Tuesday, October 28, 2008

Another War in Iraq?

The world is abuzz with rumours of impending war between Iraqi Kurds and Arabs. The International Crisis Group has come forward with a suggested settlement that would see the Kurds suspend their claims on Kirkuk for a decade in exchange for exclusive rights to the oil reserves in their region.

The New York Times reports that American commanders fear that a mission now underway in Mosul, "could degenerate into a larger battleground over the fragile Iraqi state itself."

"The problems are old but risk spilling out violently here and now. The central government in Baghdad has sent troops to quell the insurgency here, while also aiming at what it sees as a central obstacle to both nationhood and its own power: the semiautonomous Kurdish region in the north and the Kurds’ larger ambitions to expand areas under their control.

"The Shiite-led government of Prime Minister Nouri al Maliki is squeezing out Kurdish units of the Iraqi Army from Mosul, sending the national police and army from Baghdad and trying to forge alliances with Sunni Arab hard-liners in the province, who have deep-seated feuds with the Kurdistan Regional Government led by Massound Barzani."

...the American military has already settled on a policy that may set a precedent, as the United States slowly withdraws to allow Iraqis to settle their own problems. If the Kurds and Iraqi government forces fight, the American military will “step aside,” General Thomas said, rather than “have United States servicemen get killed trying to play peacemaker.”

It's hard to imagine how the US military would react if it had to get involved. It's notionally obliged to support the government, that would be Maliki's Arabs, but Washington's closest allies in Iraq are the Kurds.

The real thorn in Maliki's side is the city of Kirkuk and the oil-riches in its vicinity. The Kurds are claiming Kirkuk as part of their territory. Referenda to settle the issue have been scheduled and postponed at least twice.

The seeds of Arab/Kurd unrest were sown in the constitution of the Kurdish Autonomous Region written with the assistance of American foreign service expert, Peter Galbraith, back when Saddam was in charge. In the wake of Saddam's removal, the Kurds threw their constitution in the face of the provisional administration of Bremer as a "done deal." Eventually the Kurds succeeded in forcing Baghdad to incorporate the Kurdish constitution into the Iraqi constitution. There it's been sitting, a ticking time bomb, ever since.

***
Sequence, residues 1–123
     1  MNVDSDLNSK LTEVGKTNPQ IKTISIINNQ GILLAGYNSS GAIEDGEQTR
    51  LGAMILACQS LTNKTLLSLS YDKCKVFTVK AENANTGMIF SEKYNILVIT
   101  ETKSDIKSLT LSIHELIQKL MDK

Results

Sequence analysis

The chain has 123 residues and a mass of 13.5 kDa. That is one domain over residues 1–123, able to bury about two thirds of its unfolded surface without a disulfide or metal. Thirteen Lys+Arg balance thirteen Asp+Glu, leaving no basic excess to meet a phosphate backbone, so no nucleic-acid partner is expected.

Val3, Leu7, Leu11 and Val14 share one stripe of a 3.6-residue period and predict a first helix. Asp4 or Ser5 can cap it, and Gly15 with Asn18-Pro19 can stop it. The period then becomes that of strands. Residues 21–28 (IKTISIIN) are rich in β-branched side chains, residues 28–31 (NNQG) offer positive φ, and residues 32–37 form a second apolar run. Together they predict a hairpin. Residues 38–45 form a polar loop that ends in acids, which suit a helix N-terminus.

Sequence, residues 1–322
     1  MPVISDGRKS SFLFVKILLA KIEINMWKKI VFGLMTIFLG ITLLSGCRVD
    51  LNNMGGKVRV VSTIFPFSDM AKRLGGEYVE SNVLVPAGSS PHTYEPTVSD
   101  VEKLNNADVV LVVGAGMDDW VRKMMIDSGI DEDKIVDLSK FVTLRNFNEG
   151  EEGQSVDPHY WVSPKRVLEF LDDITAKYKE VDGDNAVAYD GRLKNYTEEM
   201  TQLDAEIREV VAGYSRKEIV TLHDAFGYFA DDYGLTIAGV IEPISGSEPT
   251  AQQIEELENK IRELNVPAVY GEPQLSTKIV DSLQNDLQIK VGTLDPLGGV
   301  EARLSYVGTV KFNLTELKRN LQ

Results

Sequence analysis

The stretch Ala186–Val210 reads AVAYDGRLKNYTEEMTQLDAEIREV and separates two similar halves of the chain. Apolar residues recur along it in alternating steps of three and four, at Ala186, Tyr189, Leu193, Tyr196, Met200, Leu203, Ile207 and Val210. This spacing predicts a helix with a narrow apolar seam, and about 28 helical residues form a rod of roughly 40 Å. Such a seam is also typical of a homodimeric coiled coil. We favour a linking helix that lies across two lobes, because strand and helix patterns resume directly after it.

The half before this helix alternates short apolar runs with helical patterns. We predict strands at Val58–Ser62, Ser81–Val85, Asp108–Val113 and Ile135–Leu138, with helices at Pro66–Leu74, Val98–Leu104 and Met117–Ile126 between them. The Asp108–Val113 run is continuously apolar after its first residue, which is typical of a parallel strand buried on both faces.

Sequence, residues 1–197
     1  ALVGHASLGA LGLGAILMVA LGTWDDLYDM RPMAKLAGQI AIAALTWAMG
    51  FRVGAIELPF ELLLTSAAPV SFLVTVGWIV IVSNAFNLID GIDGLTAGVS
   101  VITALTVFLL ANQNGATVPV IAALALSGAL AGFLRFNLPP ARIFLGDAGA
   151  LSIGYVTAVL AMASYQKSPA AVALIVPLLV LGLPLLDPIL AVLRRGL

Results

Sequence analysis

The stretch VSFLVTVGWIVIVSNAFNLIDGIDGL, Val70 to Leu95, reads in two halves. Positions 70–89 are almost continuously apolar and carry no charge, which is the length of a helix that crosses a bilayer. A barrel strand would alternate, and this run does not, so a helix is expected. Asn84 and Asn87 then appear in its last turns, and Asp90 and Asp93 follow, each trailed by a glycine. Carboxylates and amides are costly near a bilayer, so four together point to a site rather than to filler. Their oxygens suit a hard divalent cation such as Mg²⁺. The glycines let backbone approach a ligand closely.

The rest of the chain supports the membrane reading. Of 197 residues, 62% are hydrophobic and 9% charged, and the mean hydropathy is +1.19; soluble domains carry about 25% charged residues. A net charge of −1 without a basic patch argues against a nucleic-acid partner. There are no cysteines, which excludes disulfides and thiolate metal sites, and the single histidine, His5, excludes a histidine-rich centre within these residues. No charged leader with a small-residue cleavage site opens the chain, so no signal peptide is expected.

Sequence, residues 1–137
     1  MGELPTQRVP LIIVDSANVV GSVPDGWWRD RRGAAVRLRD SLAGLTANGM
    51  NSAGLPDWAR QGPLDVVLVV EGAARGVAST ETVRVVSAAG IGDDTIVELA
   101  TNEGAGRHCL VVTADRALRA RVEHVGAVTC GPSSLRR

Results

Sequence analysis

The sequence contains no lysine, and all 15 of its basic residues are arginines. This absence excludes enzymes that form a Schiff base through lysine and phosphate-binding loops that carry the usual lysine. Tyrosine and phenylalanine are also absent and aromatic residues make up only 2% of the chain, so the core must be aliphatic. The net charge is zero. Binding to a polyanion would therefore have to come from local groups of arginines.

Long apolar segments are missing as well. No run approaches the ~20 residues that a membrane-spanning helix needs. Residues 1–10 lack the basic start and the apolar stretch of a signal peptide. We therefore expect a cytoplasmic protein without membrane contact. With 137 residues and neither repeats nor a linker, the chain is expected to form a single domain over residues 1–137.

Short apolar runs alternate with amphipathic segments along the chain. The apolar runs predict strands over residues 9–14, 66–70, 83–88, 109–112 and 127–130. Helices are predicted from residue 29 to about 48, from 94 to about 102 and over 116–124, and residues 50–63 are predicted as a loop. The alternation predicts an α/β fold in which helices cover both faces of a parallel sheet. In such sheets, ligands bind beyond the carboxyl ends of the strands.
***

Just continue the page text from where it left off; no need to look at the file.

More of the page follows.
The International Crisis Group warns, "The most likely alternative to an agreement is a new outbreak of violent strife over unsettled claims in a fragmented polity governed by chaos and fear."

For those either so ill-informed, unaware or completely gullible - your surge really didn't bring peace to Iraq. No, it didn't settle anything, nothing. There was just a temporary lull in the mayhem as the parties went on about their business and prepared for what they saw coming. That goes for Maliki and his Badr Organization, Sadr and his Mahdi Army, the Sunni and their insurgent militias, the Kurds and their Peshmerga. It took a pretty infantile outlook on Iraq to believe that the Bush surge had accomplished anything.

I think it was Joe Biden who endorsed a "3-state" solution for Iraq and was mocked for it by John "Victory" McCain. In fact, if you understand the issue of the Kurdish constitution and its major, unresolved inconsistencies with the Iraqi constitution, the 3-state solution is actually the default option. Just don't tell the Old Geezer, it would break his heart.


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Mike said...

Don't tell me...Jonathan? Biff?

The Mound of Sound said...

Yeah, you're probably right. The vulgarity was pretty rich so I tossed the filth.